Says Tanjong Pagar GRC MP S. Vasoo, who heads the Government Parliamentary Committee on Community Development "As I see it, anyone in Singapore can have his private interests and everyone can do anything he wants in his life, so long as it does not violate the laws of our society." Therein lies the rub. Many homosexuals interviewed point out that rules and institutions still discriminate against them. They chafe at censorship rules which block out material "advocating" homosexuality. Popular TV episodes of Felicity and Ally McBeal with gay themes, for example, have been canned. The Singapore Broadcasting Authority Act prohibits material which "advocates homosexuality or lesbianism, or depicts incest, paedophilia, bestiality and necrophilia".
Song-writer and Lianhe Zaobao columnist Ng King Kang is aghast that homosexuality and lesbianism are lumped together with "incest, paedophilia, bestiality and necrophilia". "Is this being conservative or plain ignorant?" he asks rhetorically, wondering if this law could withstand scrutiny.
Another source of grievance is the mainstream media, which many homosexuals tend to view as an adversary. According to sociologist Leong Wai Teng, in his article on Singapore in a 1997 book, Sociolegal Control Of Homosexuality "The media treats gays as criminals, perverts and subjects for gossip and scandal."
He also referred to two government ministries "known to have employment policies tied to sexual orientation". "In the Ministry of Foreign Affairs, self-acknowledged homosexuals are barred from appointments involving access to classified information, while "outed" homosexuals are dismissed or exiled to another ministry," he wrote. Homosexuals are "outed" when people force them out of the closet by making their sexual orientation known.
(Alex Au: In other words, deep-closetted homosexuals–precisely the ones with deep dark secrets–can have access to classified information. See my article on Security Clearance.)
According to homosexuals interviewed, the status quo flies in the face of equality and the Singapore 21 dictum that "Everyone Matters". All they want, they assert, is nothing more than the rights enjoyed by other citizens. These include the right to form associations and to have sexual relations without the Penal Code calling it "carnal intercourse against the order of nature" or an act of "gross indecency". In a sense, the gay community has used these laws and guidelines as a kind of mirror, observing their reflection in the statutes criminalising their activities.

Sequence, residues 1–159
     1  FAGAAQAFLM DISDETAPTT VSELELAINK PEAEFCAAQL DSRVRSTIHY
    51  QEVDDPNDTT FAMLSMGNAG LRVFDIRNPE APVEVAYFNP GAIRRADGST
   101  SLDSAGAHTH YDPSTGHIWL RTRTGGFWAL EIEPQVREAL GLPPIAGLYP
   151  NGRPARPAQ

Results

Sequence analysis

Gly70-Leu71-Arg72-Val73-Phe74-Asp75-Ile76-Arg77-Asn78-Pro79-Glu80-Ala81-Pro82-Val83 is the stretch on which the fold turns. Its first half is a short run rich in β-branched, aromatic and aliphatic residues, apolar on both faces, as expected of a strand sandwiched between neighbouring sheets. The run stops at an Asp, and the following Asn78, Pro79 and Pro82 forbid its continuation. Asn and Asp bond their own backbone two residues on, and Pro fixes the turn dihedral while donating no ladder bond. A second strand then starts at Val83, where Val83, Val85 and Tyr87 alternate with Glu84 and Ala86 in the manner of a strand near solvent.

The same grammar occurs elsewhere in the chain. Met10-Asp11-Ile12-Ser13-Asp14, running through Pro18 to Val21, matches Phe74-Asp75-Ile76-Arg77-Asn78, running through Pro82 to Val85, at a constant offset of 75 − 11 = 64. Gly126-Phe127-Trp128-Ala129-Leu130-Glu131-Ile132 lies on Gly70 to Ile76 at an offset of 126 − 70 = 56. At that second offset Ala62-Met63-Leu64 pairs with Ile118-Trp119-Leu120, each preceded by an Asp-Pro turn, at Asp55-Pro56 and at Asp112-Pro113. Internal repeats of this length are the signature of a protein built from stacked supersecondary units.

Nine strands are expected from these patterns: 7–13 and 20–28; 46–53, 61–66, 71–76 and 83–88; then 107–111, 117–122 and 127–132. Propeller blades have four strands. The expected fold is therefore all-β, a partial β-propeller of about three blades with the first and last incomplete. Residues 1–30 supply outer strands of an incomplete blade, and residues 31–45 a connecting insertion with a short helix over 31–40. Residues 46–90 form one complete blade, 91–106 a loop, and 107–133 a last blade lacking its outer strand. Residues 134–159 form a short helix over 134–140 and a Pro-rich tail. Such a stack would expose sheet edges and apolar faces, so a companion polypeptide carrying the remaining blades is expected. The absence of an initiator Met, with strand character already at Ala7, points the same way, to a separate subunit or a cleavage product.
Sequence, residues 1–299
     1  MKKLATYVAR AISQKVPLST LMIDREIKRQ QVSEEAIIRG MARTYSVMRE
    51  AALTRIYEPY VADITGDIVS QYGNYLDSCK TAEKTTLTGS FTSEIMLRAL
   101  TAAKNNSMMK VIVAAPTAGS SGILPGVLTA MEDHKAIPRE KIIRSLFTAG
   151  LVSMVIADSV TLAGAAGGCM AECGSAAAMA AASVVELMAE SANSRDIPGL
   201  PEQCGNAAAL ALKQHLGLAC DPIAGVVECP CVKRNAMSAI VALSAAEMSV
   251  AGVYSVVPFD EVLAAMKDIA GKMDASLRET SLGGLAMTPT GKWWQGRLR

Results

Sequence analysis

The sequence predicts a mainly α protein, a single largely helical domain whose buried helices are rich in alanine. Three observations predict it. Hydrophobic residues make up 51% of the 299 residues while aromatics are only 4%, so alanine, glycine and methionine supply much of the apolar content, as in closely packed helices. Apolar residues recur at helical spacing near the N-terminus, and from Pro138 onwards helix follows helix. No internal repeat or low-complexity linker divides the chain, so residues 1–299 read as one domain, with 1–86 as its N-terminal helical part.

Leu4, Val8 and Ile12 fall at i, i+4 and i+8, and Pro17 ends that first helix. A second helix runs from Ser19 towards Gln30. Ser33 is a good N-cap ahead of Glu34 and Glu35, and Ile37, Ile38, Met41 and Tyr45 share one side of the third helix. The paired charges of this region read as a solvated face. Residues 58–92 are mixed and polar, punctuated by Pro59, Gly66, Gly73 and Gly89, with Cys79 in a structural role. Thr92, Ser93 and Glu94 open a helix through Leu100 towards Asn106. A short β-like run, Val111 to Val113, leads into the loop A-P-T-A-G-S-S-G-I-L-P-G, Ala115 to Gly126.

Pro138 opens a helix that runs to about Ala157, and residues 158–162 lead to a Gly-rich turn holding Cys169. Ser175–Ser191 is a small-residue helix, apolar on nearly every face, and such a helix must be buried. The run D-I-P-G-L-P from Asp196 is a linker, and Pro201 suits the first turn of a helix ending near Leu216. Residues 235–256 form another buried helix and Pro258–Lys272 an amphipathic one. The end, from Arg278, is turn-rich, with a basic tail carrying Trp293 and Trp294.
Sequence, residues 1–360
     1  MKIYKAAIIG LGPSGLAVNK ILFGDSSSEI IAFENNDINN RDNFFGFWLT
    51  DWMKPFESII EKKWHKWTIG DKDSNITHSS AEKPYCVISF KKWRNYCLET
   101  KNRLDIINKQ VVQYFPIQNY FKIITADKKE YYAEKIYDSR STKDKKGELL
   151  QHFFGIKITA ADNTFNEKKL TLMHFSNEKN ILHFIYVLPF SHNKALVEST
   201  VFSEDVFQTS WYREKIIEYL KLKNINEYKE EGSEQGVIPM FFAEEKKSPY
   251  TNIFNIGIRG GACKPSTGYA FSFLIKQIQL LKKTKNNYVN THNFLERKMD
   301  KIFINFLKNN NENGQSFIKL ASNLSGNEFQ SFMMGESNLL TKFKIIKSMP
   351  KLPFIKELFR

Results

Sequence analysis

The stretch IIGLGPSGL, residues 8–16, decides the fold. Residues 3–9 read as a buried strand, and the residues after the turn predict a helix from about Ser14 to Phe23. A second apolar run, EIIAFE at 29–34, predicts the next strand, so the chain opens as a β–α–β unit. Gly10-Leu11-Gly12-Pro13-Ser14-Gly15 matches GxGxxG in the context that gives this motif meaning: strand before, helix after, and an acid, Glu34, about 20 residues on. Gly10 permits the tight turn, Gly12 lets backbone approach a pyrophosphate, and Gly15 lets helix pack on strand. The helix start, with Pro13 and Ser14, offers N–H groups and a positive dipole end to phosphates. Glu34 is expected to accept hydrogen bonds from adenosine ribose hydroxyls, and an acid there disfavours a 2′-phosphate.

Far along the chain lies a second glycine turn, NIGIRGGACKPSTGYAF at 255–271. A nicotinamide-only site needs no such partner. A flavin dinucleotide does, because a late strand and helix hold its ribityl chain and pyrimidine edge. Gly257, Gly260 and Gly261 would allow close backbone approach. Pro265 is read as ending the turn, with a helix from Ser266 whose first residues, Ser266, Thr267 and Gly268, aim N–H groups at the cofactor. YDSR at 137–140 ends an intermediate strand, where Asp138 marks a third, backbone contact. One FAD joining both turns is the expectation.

Nominated MP Claire Chiang says she has asked several gay activists what they want to do that they cannot already do discreetly. Why, a few years back, she was even invited to a gay "wedding" here. Their common response, she says, was that they crave social acceptance and affection. The homosexuals, being a fringe minority, lack the political clout to affect change. They do not enjoy widespread grassroots support, but have won a growing group of sympathisers from the ranks of the secular elite.
Then came the Internet
In recent years, a series of catalysing events have served as an ongoing impetus for the more vocal homosexuals to act on their unhappiness. One is the Government’s rejection of their application to form a society called People Like Us (PLU) in 1997. Its stated mission: To promote awareness and understanding of the issues and problems concerning gay, lesbian and bisexual persons. Its application was rejected without official explanation in 1997, despite appeals right up to the Prime Minister.
Feeling even more alienated, gays have banded more closely together, where once their community was diffused and lacking in direction. The HIV scare has bonded them further.
Then came the Internet. It opened the floodgates of communication, spawning chat forums, e-mail lists and Web personals. A vibrant virtual gay community was born.
(Alex Au: I don’t know where Irene Ng got this information. As always, people like to mention gayness in association with HIV. It reveals the lingering and prejudicial association in their minds, and it reinforces this same prejudicial association in readers But writer omits the fact that in the Singapore context, HIV primarily strikes heterosexuals. This kind of omission is not blameless.)
Furthermore, as Mr Ng documents in his 1999 book, ‘The Rainbow Connection The Internet And The Singapore Gay Community’, the wealth of information available online on gay-related issues has the effect of personal empowerment. According to Mr Au, websites reporting the strides made by gay movements elsewhere have also emboldened the gay community here to step out. So galvanised, gay activists here latched on to the Government’s promise of opening up. After all, they recall, in an S21 forum early this year, Deputy Prime Minister Lee Hsien Loong said "There is no policy too sensitive to question, and no subject so taboo that you cannot even mention it."